Some great quotes from the article by David Brooks entitled The Cultural Value of Christian Higher Education follow. He argues that it is in Christian universities that you best see the synthesis in the training of the mind, the soul, the body and the spirit. It is a good read, full of great quotes and things I think are true. It makes me want to send my kids to Abilene Christian University where both Allison and I went to school. I will try to not push them too hard. 😉
In any commitment, love is at the core. A commitment is falling in love with something and then building a structure of behavior around it for those moments when the love falters. It arises at a deep sensation of certainty, a moral and spiritual sensation that something is right, that you’ve been called to something.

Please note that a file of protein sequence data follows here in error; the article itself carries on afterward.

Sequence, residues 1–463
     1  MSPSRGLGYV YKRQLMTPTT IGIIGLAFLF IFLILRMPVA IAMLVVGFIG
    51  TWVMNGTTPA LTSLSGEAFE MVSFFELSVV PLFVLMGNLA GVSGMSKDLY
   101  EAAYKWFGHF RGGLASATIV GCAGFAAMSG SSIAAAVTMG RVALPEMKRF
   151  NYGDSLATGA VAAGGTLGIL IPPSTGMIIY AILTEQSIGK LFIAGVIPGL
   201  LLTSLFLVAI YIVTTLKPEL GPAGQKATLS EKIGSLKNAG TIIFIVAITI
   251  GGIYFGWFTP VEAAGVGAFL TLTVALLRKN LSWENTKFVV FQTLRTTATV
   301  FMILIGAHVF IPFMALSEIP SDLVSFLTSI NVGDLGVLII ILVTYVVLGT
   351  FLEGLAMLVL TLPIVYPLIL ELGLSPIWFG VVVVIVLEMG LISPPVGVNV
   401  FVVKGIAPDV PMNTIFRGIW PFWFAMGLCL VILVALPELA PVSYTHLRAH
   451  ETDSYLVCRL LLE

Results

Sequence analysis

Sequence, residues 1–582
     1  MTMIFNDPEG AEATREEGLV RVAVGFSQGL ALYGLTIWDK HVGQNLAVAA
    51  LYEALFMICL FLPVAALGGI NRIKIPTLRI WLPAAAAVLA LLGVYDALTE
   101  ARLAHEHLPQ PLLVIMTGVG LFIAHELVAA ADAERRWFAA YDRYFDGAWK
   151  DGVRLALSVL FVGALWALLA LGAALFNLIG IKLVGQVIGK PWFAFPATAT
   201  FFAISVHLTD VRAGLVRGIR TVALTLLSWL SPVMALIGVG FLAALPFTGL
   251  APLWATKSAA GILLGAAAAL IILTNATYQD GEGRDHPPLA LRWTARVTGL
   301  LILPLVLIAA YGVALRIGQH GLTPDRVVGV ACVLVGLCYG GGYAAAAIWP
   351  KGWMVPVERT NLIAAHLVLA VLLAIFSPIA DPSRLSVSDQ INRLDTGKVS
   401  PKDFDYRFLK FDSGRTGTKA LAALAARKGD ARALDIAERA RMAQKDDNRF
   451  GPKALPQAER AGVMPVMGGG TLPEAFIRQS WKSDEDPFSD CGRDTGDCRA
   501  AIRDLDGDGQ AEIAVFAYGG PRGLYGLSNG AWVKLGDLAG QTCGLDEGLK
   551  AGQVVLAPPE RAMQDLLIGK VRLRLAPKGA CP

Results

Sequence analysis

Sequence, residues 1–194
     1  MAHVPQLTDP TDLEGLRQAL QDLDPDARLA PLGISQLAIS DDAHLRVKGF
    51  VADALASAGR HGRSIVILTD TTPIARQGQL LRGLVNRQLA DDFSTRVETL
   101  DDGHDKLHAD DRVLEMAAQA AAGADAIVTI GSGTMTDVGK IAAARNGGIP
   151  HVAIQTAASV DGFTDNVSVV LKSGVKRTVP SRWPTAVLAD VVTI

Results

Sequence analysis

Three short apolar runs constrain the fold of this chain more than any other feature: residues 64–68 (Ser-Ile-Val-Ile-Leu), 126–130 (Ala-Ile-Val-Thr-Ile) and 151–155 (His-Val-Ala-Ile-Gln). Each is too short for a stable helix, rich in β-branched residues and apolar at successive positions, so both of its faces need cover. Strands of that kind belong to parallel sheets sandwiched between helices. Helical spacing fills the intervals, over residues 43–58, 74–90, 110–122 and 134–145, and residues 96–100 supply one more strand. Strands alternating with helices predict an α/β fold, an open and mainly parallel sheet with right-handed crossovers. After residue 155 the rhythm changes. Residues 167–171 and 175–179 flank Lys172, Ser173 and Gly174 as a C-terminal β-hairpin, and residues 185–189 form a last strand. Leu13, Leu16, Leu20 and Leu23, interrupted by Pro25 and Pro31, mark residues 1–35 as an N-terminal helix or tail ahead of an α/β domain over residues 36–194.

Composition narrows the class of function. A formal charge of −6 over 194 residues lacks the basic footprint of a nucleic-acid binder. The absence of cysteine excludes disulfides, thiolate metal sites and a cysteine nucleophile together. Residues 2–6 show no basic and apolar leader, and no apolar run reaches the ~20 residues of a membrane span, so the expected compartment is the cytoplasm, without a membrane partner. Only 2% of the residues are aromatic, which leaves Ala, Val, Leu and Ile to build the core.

Love humbles you because you realize you’re not in control of your own mind. You think obsessively about the person you love. It opens up the crust of life and reveals soft, tender flesh below so you enjoy more and you suffer more. It de-centers the self. You realize your core riches are not in yourself; they’re in another. Love also teaches you how to endure. We’ve all had that first romantic passionate love, but when you educate a love, it’s not reliant on that immediate, passionate first embrace. It longs and endures. It’s what the philospher Roger Scruton calls a second love. This long second love carries people through the tragedies and the blessings of life.
The author Louis de Bernières wrote in the book Captain Coreli’s Mandolin about a love that fused people together. One of his characters says, “Love itself is what is left over when being in love has burned away, and this is both an art and a fortunate accident. Your mother and I had it. We had roots that grew towards each otherunderground, and when all the pretty blossoms had fallen from our branches, we found that we were one tree and not two.”